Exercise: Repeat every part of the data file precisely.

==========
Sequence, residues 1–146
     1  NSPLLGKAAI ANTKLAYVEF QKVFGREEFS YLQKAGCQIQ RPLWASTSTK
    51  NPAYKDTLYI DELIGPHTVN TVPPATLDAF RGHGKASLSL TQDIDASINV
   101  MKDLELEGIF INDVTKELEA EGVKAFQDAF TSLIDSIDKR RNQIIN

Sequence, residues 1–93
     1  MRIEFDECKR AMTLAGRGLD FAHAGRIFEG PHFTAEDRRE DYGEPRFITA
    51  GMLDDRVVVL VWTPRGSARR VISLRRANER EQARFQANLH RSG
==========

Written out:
Sequence, residues 1–146
     1  NSPLLGKAAI ANTKLAYVEF QKVFGREEFS YLQKAGCQIQ RPLWASTSTK
    51  NPAYKDTLYI DELIGPHTVN TVPPATLDAF RGHGKASLSL TQDIDASINV
   101  MKDLELEGIF INDVTKELEA EGVKAFQDAF TSLIDSIDKR RNQIIN

Sequence, residues 1–93
     1  MRIEFDECKR AMTLAGRGLD FAHAGRIFEG PHFTAEDRRE DYGEPRFITA
    51  GMLDDRVVVL VWTPRGSARR VISLRRANER EQARFQANLH RSG